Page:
How much does it cost to tack on a week at the end of a business trip in Portugal? Come into my house, darling, and let me tell you about it.
Come real talk the cost of travel with us. Got no idea what to budget for that trip? For once, our team thought it was time to talk real numbers. To kick off the inaugural column, here’s what someone might expect from a bleisure trip (that “free” vacation after the work portion has ended) for two weeks in Portugal for under a $100 day. Including lodging, it cost a whopping $634.57 in total.
The first week of expenses (and flight) were completely covered by the client.
Out of the $634.57 spent—it is *almost* possible to pay for everything in card—approximately 64% of that was spent on a credit card, with the remaining 36% spent in cash.
It’s kinda fun to note that the majority of the cash spend was used for haggling Airbnb hosts in cash (among other random chit chat, like buying bracelets at the flea market and bus fare).
In fact, once personal expenses were broken down, the daily lodging expense only averaged $35 per night and the daily food expense came close, at $29.93 on average.
(Of course, this depended on how thrifty or free floating with our money we were; however, we took a pretty middle of the line approach between enjoying life and being mindful. 😉)
There are several ways to think about this: This is perhaps a realistic approximation of what it is like to spend one week in Portugal, sans airfare.
It is also a realistic budget for appending a few days—one week to be exact, duh—to the end of a work trip.
Trip itinerary and basics
- Gender Female
- Age 32
- Travel Companion(s) None
- Hometown New York, New York
- Trip Location Portugal
- How many *cities* did you go to? 6 (3 on client dime, 3 on personal dime)
- Cities Visited: Alentejo (client work), Lisbon (2 nights), Porto (3 nights), Fatima (1 night), Lisbon (3 nights)
- How long was this trip? 14 nights total (9 nights on personal dime)
- Points used to pay for any or part of the vacation? Nope
The full cost breakdown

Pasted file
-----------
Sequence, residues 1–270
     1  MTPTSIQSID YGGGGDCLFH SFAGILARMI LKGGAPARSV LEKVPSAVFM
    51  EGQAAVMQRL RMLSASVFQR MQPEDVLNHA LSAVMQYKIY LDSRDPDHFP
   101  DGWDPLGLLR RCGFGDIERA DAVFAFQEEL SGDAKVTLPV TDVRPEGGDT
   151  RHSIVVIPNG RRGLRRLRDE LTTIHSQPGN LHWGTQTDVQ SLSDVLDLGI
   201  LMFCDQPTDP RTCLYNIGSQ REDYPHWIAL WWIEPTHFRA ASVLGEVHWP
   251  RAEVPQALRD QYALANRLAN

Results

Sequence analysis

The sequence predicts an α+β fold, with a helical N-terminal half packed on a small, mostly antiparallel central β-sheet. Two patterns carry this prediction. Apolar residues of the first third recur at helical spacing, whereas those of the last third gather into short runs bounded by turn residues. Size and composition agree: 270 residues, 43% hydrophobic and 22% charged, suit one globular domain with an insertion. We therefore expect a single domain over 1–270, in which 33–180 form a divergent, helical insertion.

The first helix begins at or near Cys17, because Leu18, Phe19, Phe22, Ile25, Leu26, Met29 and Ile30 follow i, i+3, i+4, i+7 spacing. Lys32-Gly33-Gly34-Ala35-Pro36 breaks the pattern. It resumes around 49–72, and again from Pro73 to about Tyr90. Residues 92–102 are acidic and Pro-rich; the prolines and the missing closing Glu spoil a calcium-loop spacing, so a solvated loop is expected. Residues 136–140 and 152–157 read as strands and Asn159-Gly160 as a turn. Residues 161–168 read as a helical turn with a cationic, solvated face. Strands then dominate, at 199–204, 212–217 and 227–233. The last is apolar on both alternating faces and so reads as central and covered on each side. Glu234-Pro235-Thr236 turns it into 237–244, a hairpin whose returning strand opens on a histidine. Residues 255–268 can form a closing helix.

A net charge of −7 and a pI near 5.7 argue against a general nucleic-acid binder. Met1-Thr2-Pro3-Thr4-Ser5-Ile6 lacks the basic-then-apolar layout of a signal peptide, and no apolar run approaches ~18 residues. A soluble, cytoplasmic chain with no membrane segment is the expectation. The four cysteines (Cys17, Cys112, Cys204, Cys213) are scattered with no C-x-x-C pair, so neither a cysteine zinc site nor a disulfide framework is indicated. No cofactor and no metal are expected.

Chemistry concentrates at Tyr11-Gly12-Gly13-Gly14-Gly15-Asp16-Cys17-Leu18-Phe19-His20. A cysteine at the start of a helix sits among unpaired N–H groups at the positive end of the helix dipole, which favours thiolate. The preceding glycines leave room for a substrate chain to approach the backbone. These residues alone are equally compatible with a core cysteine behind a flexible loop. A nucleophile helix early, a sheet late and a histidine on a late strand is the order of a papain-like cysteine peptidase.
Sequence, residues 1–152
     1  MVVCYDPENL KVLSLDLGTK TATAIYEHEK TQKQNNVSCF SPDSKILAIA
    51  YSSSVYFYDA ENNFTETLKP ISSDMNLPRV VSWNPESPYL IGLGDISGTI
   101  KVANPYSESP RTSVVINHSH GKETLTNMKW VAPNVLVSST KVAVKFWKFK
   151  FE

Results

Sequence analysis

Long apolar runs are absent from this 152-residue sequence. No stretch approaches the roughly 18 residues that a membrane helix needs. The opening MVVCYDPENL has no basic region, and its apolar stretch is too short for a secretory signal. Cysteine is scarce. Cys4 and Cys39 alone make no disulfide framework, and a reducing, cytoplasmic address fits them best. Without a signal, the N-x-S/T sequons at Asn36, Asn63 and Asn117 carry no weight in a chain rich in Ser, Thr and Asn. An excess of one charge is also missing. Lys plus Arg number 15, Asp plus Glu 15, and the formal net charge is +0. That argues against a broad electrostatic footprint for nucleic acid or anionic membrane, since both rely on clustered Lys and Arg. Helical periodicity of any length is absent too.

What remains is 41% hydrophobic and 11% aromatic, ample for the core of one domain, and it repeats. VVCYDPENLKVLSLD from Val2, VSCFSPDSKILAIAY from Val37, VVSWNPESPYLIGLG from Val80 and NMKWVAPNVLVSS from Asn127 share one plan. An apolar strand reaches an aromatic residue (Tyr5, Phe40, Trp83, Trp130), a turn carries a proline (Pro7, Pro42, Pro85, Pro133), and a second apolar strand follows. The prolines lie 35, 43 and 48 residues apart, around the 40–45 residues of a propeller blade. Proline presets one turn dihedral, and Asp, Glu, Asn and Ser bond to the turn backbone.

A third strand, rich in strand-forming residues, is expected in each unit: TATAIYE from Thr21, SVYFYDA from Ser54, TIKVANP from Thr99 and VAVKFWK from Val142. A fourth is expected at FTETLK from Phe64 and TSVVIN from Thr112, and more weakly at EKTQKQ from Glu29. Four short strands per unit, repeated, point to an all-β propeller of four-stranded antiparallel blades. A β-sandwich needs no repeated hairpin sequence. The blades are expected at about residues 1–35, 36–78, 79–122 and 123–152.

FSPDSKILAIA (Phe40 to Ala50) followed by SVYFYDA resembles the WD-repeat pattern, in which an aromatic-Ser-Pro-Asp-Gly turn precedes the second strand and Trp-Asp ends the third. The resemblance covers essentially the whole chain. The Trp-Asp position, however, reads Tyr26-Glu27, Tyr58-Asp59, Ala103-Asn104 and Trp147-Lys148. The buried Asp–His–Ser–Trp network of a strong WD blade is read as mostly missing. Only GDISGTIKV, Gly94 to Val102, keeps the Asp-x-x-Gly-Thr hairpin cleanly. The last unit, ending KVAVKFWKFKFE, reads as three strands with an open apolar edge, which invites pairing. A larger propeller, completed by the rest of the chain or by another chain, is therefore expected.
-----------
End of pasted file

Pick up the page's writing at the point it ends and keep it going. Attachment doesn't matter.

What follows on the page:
There must be no better way to break the cost of a trip down than a chart to see the full damage (much to our chagrin 😅). Hover on the infographic below to see exact amounts.
Credit Card/Cash Spend: 64%/36%
How was the money actually spent?
This trip had to stand in for a real vacation until one actually happened, so live and let live pretty much was the motto.
Portugal isn’t expensive by any means—roughly 52% cheaper than New York—so it was easy to thoroughly enjoy and treat ourselves.Most meals were accompanied by a glass of wine (or bottle) for most, if not at least half of all meals consumed, (never mind all the liquor brought back for future use).
The part where we cheaped out the most was in terms of activities, often opting for free or budget-friendly activities. Timing also played a part, as some of the multi-day long Duoro Valley river cruises yet hadn’t started, and exploring that region meant renting a car, which we weren’t keen to do solo at the time.
There was significant opportunity to save on costs, and so from time to time, we tried to be mindful, so those meals could really be enjoyed sans guilt.
This was a particularly food-focused trip, mainly because along the way we discovered that the activities we wanted to do were either (1) out of season, or (2) difficult to do solo. Notably, there were a few museum visits including to FC Porto and Museu de Marinha. The free, DIY version was almost always chosen.
This ranged from super-hip, trendy, upscale eats (A Cevicheria, Pasteis de Belem, Time Out Hall) to occasionally self-catering and simple meals from the grocery store (Pingo Doce). From time to time, there were a few budget, diner-like eats thrown in on occasion.
More often than not, most meals included a drink, usually a cup of wine.
This encompassed a wide range of Airbnbs, hotels, hostels (one dorm night), and one night of crashing on a friend’s couch. For the most part, Airbnb private rooms predominated (6 nights). In some cases, our Airbnb hosts were flexible on the price if we paid in cash.
Mostly wine. Some olive oil, sardines, etc.
This ranged from taking the train, normal bus, long-distance bus, metro and the occasional taxi and Uber ride.
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